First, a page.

… and that goes double for members of traditional communities, who find themselves with strong communal obligations, but not necessarily communal support. To put it another way, I had a good Shabbat (Sabbath) on a personal level, but a not so good one on a communal level.
On the plus side, I did a chunk of Torah study and mostly followed the Talmud shiur (class) this week. I had mild insomnia again, but I read quite a bit of the novel I’ve just started, Penguin Lost, the sequel to the novel Death and the Penguin, about a Ukrainian obituary writer and his pet penguin who get involved with the Russian Mafia. I read the first book in the worst period of my life, the winter of 2003-04, when I was in Oxford, depressed, suicidal, feeling desperately lonely and unable to work, but my tutors wanted me to stick around to see if my antidepressants could kick in at some point (they didn’t). I’m not sure why I decided to read it then, as it has comedic elements, but is dark. The sequel came out fairly soon afterwards, but I didn’t get it, although I enjoyed the first book, as I didn’t feel like re-reading the first one in preparation. I eventually decided that Death and the Penguin lingers in my memory much more strongly than books I’ve read far more recently, so I might as well just get the sequel and read it. So far it’s good, but not as good as the first one, although I might be mis-remembering after sixteen years.
The other good things were not freaking out with religious OCD when someone did something that I would not have done, but which my rabbi mentor tells me is OK; and not being jealous of the person my age at shul (synagogue) whose eldest son was bar mitzvah. I think I can see other people’s lives as just so ridiculously different to mine that there is no point even getting upset over the differences any more. While it’s still possible that I’ll work full-time, get married and have kids some day, it’s clearly not happening any time soon.
On the downside…
As I mentioned, there was a bar mitzvah in shul over Shabbat so there were a lot of extra people on Friday night and I couldn’t sit in my regular seat or anywhere near it. This is the type of thing that I used to think didn’t worry me in an autistic way, but I now realise actually does throw me, particularly if there are knock-on social anxiety implications. In this case, I was sitting next to someone I didn’t know so well and was worried about who I would have to shake hands with and wish gut Shabbos to after the service. After Lecha Dodi, there was circle dancing again and this time I left the room because I just couldn’t face it… and one of the bar mitzvah guests followed me out! On one level, I was kind of glad that I was not the only person who couldn’t cope with the dancing, but I also worried that he would initiate conversation, particularly about why I wasn’t dancing, so I spent several minutes moving around the rest of the shul trying to avoid him, which probably seemed rude or just weird. I did manage to shake hands with the rabbi and father of the bar mitzvah boy after the service and wished the latter mazal tov, which for a while looked far too difficult for me to manage.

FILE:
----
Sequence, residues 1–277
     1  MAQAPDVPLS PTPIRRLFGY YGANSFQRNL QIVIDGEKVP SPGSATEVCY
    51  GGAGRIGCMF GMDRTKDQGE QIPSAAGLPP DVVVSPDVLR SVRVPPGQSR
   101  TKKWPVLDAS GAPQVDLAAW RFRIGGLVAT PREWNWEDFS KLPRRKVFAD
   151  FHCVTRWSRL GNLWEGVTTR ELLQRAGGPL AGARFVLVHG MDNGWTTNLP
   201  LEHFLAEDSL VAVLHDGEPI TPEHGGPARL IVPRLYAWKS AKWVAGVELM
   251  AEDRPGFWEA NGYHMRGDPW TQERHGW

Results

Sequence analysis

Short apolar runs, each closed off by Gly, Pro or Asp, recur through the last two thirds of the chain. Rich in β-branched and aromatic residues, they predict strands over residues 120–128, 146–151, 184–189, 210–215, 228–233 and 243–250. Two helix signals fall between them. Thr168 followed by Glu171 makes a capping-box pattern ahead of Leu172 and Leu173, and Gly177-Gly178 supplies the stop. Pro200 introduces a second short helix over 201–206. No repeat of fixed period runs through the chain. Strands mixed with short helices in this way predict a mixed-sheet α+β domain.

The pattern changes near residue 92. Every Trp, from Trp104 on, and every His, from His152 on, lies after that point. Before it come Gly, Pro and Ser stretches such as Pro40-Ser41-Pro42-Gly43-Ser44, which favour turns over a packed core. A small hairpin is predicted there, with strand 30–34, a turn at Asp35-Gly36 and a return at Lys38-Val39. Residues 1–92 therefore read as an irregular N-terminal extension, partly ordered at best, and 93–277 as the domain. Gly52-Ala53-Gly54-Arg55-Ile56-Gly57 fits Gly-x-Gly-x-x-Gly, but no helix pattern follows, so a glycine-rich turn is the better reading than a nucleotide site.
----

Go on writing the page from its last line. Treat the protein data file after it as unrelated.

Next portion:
Then on the way out the person with some authority in the shul who has criticised me for not going to Shacharit (Morning Service) on Shabbat and made light of my saying that I have health issues asked if I was going to come the next day as he would call me to say the brachot (blessings) over the Torah. I muttered something noncommittal, but I’m sure it made me feel super-anxious on Shabbat morning and unable to get up despite waking up early for once.
When I went to shul for Mincha (Afternoon Service) this afternoon, no one was willing/able to lead the service. I wanted to volunteer as I used to do it in my old shul, but I was too shy. It was partly social anxiety, partly fear of shaking and partly the fact that there’s a big paragraph of Aramaic in Mincha in this shul that we didn’t say in my old shul and which I read really slowly because I don’t understand Aramaic and I was worried about delaying everyone. I felt bad, because, as with the divrei Torah (Torah essays) that I write, but am too scared to share with my community, it feels like a waste of whatever talents God has given me, but I’m just too scared of messing everything up and/or getting rejected by people. I don’t know if they would even believe I can lead Shabbat Mincha if I volunteered, so little have I shown myself able to do things in this shul.
Then, after Mincha, when we were sitting around waiting for the Talmud shiur to start, someone asked why I led weekday Mincha the other week when I visibly did not look like I wanted to do it. I didn’t realise it was so obvious. I don’t know if he actually saw me shaking, but it will make me feel more self-conscious about it next time. The dislike is more because of the shaking than anything else. If I could get rid of that, I would feel a lot better about leading services, although I doubt I would actively volunteer for them (not least because that always seems arrogant and wrong to me). Unfortunately, the shaking is caused by my taking olanzapine. Various psychiatrists have tried to cut out the olanzapine, because it’s difficult to see what it’s doing for me when I’m also on clomipramine and lithium, but every time we try, my mood plummets dangerously and I have to come back on it. So I guess I won’t be comfortable leading services for some time yet.